LINS, a modulator of the WNT signaling pathway, is involved in human cognition
- Equal contributors
1 Department of Pathology, College of Medicine and Health Sciences United Arab Emirates University, P.O. Box 17666, Al-Ain, United Arab Emirates
2 Department of Paediatrics College of Medicine and Health Sciences, United Arab Emirates University, P.O. Box 17666, Al-Ain, United Arab Emirates
3 Department of Paediatrics, Tawam Hospital, Al-Ain, United Arab Emirates
Orphanet Journal of Rare Diseases 2013, 8:87 doi:10.1186/1750-1172-8-87Published: 17 June 2013
Inherited intellectual disability (ID) conditions are a group of genetically heterogeneous disorders that lead to variable degrees of cognition deficits. It has been shown that inherited ID can be caused by mutations in over 100 different genes and there is evidence for the presence of as yet unidentified genes in a significant proportion of patients. We aimed at identifying the defective gene underlying an autosomal recessive ID in two sibs of an Emirati family.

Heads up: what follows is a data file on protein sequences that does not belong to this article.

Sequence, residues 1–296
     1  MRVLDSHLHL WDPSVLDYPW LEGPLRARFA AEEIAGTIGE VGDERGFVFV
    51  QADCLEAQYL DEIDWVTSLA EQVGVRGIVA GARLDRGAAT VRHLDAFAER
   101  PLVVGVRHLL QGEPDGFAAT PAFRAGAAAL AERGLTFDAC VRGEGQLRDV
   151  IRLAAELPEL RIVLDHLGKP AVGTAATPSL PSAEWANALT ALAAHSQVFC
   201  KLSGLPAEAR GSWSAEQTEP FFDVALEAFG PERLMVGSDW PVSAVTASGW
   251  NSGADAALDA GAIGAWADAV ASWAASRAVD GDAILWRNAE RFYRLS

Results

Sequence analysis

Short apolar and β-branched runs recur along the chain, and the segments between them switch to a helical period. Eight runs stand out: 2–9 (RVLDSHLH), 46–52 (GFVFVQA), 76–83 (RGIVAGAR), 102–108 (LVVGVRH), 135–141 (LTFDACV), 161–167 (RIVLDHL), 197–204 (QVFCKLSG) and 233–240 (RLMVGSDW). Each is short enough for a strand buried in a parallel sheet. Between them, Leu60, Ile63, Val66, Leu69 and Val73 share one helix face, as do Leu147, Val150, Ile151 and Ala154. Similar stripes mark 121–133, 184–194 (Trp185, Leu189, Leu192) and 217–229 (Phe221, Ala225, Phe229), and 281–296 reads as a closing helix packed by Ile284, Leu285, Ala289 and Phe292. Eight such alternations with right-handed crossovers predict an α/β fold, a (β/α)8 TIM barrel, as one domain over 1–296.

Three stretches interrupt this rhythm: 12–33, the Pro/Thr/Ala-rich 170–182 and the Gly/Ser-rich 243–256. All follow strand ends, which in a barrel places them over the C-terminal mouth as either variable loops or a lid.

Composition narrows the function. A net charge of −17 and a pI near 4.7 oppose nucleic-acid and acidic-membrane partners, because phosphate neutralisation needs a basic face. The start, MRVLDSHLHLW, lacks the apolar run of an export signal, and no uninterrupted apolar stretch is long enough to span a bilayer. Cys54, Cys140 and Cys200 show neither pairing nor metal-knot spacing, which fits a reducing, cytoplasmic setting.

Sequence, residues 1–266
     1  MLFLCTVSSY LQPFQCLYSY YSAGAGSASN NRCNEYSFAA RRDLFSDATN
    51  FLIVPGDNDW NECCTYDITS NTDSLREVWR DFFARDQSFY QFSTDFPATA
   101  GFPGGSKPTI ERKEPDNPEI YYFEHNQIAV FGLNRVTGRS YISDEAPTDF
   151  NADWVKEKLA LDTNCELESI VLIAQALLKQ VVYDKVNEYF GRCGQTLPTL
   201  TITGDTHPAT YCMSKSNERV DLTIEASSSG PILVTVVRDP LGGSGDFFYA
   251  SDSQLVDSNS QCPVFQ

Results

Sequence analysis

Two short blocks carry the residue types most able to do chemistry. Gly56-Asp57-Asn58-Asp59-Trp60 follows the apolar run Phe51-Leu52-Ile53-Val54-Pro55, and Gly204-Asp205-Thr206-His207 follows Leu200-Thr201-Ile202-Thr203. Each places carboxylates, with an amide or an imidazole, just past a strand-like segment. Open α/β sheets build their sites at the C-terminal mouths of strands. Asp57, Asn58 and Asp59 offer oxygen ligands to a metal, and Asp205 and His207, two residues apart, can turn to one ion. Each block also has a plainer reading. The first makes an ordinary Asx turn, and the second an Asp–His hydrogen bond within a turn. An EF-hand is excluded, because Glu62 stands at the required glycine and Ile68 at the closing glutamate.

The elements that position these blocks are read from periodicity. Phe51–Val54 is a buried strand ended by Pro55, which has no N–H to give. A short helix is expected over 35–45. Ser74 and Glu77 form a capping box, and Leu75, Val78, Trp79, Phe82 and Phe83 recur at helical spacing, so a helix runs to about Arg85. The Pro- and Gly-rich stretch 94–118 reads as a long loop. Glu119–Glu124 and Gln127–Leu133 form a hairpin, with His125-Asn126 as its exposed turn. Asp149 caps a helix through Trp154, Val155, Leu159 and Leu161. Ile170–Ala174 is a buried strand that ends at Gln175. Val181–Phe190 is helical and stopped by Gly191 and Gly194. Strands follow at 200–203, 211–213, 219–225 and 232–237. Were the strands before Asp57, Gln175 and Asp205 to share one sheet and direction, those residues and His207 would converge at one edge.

A combined approach involving homozygosity mapping and whole-exome sequencing was used to identify the causative mutation. RNA analysis was performed to gain further insight into the pathogenic effect of the detected mutation.
We have identified a homozygous splicing mutation (c.1219_1222+1delAAAGG) in the LINS gene in the affected children. LINS is the human homologue of the Drosophila segment polarity gene lin that encodes an essential regulator of the wingless/Wnt signaling. The identified mutation alters the first consensus nucleotide of the 5' donor splice junction of intron 5 and the 3' end of exon 5. Transcript analysis revealed that this change leads to an exon skipping event resulting in direct splicing of exon 4 to exon 6. Another mutation in LINS has been described very briefly in an Iranian family with autosomal recessive ID and microcephaly.
Our study confirms that LINS, a modulator of the WNT pathway, is an indispensable gene to human cognition and this finding sheds further light on the importance of WNT signaling in human brain development and/or function.